black mulberry messenger bag Behind the Faces in All Those Car Insurance Ads
These are among the ideas springing from the Illinois heartland, where State Farm marketers plot their next ad moves in a massive, cubicle filled headquarters in the city of Bloomington, two hours south of Chicago. The “magic jingle” campaign, launched last year by New York based Translation, seeks to get younger consumers to realize the importance of the company’s 18,000 agents. (The company sells policies online, in person and by phone but still assigns every customer an agent.) Ads feature agents who magically appear when summoned by young drivers and apartment dwellers who need insurance help, including one spot with LeBron James that debuted Saturday.
Meanwhile, the company plans to revamp a separate TV campaign launched about a year ago by DraftFCB that instructs users to visit a special website to check for discounts of up to 40%. The new effort, to be led by roster agency DDB, will put less of a focus on discounts and more on the company’s multiple insurance lines, including homeowners and life partly an appeal to millennials, who will need more products as they age. “This campaign will evolve to a bigger message to cover all the needs a customer may have,” said Pam El, VP marketing. “It’s working. If you look at our quotes and our new business, it’s way up,” President CEO Thomas Wilson said on a recent earnings call. Mayhem even has a cousin a character named “Mala Suerte” (bad luck) aimed at Hispanic consumers. And the insurer is still running ads with longtime pitchman Dennis Haysbert, who offers a trusted voice.
Mayhem “has become the villain to [the] Dennis Haysbert hero,” said Lisa Cochrane, VP integrated marketing communications.
Still, Allstate continues to lose market share. It dropped to 9.96% in third quarter 2010, according to the Insurance Information Institute. Analysts pin some of the blame on rate increases in some big states to improve profitability, especially in homeowners, which could have a spillover effect into auto for those who bundle insurance. will eventually win out,” said CMO Ted Ward. That approach, in a nutshell, is positioning insurance as a commodity like product where price trumps all. The company, based just outside Washington, runs multiple campaigns by Martin Agency with the gecko as the centerpiece to keep people’s attention as it spreads a very simple message that “15 minutes can save you 15% or more.”
And it’s working: From 1999 to 2009, Geico more than doubled its market share to 8.21%, according to the Insurance Information Institute, and its share is growing more this year to 8.29% through third quarter. Much of the credit goes to Flo. She is the star of the “Superstore” campaign, by agency of record Arnold Worldwide, Boston, which is meant to turn insurance into something “you can touch and feel,” said Jeff Charney, chief marketing officer for Progressive .
While Flo is designed to close the deal with consumers who are already in the market, Progressive ‘s new character, called the Messenger,
is meant to get more people thinking about insurance. In ads, the mustachioed, leather jacket wearing man lurks in places such as a mattress store where he sneaks up on customers, pitching them on discounts. “Flo helps when you shop, he reminds you that you should shop,” Mr. Charney said. The “We Are Farmers” campaign, launched in September by Santa Monica, Calif., indie shop RPA, is set in a fictional university, modeled after the real life University of Farmers employee training program. A character named “Professor Burke” guides agents though over the top scenarios meant to sell the insurers multiple insurance lines, such as one ad showing a jet ski caught in a tree. The effort replaces the touchy feely “True Stories” campaign by Farmers’ former agency, Richards Group, which showcased real customers.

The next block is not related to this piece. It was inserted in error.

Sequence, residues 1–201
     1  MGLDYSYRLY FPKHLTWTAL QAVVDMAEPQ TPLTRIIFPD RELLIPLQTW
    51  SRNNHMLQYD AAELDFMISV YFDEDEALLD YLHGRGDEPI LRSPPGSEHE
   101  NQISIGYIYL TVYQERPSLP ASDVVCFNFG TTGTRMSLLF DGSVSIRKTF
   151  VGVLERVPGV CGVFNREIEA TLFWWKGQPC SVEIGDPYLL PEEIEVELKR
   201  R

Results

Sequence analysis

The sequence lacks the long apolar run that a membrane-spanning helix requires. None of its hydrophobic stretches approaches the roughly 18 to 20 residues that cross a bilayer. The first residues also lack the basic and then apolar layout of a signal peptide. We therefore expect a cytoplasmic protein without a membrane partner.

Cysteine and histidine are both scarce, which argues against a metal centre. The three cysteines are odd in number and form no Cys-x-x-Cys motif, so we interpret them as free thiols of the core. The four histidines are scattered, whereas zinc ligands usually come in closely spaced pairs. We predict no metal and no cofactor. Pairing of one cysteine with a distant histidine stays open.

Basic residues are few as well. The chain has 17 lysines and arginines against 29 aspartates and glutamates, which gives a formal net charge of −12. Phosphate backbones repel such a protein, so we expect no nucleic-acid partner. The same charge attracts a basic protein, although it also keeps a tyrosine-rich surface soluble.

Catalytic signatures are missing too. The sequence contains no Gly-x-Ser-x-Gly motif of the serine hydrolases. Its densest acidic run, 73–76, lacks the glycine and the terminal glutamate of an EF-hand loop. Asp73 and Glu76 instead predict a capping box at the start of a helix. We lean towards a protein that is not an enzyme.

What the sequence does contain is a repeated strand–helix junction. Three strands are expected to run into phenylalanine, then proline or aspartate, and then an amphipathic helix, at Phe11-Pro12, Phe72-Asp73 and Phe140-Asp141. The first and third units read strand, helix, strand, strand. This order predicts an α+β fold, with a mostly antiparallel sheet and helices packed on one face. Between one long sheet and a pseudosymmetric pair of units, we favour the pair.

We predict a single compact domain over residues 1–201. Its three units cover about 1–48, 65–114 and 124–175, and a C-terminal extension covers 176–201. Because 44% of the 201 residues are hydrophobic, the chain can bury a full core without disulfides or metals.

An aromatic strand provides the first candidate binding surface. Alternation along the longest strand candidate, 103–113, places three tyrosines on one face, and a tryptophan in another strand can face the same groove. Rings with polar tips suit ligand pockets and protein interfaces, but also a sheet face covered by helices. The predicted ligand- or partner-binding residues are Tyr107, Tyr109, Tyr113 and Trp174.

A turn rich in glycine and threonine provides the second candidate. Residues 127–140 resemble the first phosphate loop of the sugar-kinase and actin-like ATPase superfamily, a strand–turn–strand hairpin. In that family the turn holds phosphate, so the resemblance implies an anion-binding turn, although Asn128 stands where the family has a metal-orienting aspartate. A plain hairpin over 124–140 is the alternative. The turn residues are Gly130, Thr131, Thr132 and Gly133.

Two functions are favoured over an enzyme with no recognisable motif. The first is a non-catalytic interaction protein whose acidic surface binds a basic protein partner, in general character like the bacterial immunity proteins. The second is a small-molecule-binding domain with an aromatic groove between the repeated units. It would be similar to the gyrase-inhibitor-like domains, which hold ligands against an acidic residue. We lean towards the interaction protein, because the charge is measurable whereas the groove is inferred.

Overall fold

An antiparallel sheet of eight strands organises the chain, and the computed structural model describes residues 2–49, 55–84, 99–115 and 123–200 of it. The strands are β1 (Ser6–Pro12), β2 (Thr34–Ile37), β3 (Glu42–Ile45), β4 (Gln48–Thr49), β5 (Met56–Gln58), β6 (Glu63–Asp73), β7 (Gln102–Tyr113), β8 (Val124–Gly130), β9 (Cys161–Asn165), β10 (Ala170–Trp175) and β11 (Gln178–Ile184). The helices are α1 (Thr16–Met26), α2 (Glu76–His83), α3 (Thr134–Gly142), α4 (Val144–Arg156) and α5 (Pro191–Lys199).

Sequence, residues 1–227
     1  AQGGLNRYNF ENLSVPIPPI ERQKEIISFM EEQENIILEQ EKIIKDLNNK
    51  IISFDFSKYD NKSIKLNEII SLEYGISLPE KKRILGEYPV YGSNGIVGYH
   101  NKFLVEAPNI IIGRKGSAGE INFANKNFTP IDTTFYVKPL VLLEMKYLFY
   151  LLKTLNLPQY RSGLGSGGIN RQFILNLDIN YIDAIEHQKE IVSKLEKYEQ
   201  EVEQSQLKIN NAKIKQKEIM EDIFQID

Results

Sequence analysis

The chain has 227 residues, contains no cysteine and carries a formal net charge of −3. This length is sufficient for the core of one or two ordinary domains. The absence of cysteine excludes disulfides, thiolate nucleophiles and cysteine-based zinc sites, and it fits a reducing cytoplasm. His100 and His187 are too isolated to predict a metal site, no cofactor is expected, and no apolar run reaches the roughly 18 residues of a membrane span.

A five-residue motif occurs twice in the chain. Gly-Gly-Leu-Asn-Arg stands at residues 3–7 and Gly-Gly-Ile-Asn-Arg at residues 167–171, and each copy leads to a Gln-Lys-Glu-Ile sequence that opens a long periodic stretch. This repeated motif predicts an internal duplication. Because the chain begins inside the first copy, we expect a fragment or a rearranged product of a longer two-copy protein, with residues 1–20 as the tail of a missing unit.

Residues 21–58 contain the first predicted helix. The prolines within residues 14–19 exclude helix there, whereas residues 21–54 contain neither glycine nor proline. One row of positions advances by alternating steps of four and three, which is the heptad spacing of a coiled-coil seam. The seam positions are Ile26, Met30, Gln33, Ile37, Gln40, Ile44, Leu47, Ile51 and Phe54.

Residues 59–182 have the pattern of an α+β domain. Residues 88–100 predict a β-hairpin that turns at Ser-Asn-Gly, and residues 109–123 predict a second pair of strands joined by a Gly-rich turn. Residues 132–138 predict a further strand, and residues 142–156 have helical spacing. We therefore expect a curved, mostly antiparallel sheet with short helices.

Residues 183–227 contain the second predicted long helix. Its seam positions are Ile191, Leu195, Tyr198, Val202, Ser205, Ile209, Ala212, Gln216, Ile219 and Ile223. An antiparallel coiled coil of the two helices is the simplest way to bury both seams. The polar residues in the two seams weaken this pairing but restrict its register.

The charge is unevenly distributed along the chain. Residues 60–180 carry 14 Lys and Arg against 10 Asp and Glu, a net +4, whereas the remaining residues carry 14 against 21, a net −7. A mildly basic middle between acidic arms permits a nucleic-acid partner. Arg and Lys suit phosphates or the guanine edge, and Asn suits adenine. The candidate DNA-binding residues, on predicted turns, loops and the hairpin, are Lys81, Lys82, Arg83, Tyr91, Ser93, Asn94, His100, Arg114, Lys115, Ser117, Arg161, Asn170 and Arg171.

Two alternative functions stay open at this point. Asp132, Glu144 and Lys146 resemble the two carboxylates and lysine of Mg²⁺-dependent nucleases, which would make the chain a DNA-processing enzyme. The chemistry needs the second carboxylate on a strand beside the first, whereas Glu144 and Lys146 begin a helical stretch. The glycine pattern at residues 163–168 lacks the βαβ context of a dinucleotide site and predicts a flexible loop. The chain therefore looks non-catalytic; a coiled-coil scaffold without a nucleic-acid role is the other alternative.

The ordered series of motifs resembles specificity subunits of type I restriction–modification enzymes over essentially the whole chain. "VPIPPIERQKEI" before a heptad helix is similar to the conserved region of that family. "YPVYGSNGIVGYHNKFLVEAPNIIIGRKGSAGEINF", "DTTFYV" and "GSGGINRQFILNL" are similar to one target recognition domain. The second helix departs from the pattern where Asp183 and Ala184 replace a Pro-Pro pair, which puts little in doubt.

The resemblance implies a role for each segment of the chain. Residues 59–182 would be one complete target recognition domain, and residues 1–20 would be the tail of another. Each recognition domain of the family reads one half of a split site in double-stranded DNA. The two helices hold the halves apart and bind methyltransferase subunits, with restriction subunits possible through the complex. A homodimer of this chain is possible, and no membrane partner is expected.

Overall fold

The ads tested well, but “in the living room it just wasn’t cutting through,” said Chief Marketing Officer Kevin Kelso. The animated pink haired “Erin Esurance” has been sidelined in favor of “The Saver,” an actor who plays a customer service agent who reminds consumers they can talk to “people when you want them.” The campaign is by Duncan/Channon, San Francisco. “The internet shopping population had moved very mass market . we wanted to more appropriately direct our messaging,” said CMO John Swigart. The spokesperson is “an icon that represents Nationwide and being an advocate for the consumer . showing how we can help them in their everyday life,” said Jennifer Hanley, senior VP marketing for the insurer, which has 3,300 agents and 5,200 storefronts. Liberty Mutual, of Boston, touts car replacement coverage in an ad by Hill Holliday, Boston, where a car is rear ended, shattered and then magically put back together as somber piano music plays. Consumers “want more than a chuckle when they see an ad,” said Greg Gordon, senior VP consumer marketing for the insurer, whose measured media spending on auto has jumped from $35 million in 2009 to nearly $50 million through November 2010, according to Kantar. Schultz is the Chicago Bureau Chief at Ad Age and covers beverage, automotive and sports marketing. He is a former reporter for McClatchy newspapers, including the Fresno Bee, where he covered business and state government and politics, and the Island Packet in South Carolina. Neal Awards, the Association of Capitol Reporters and Editors, the California Newspaper Publishers Association, the South Carolina Press Association and Investigative Reporters and Editors. A native of Cincinnati,
Schultz has an economics degree from Xavier University and a masters in journalism from Northwestern University.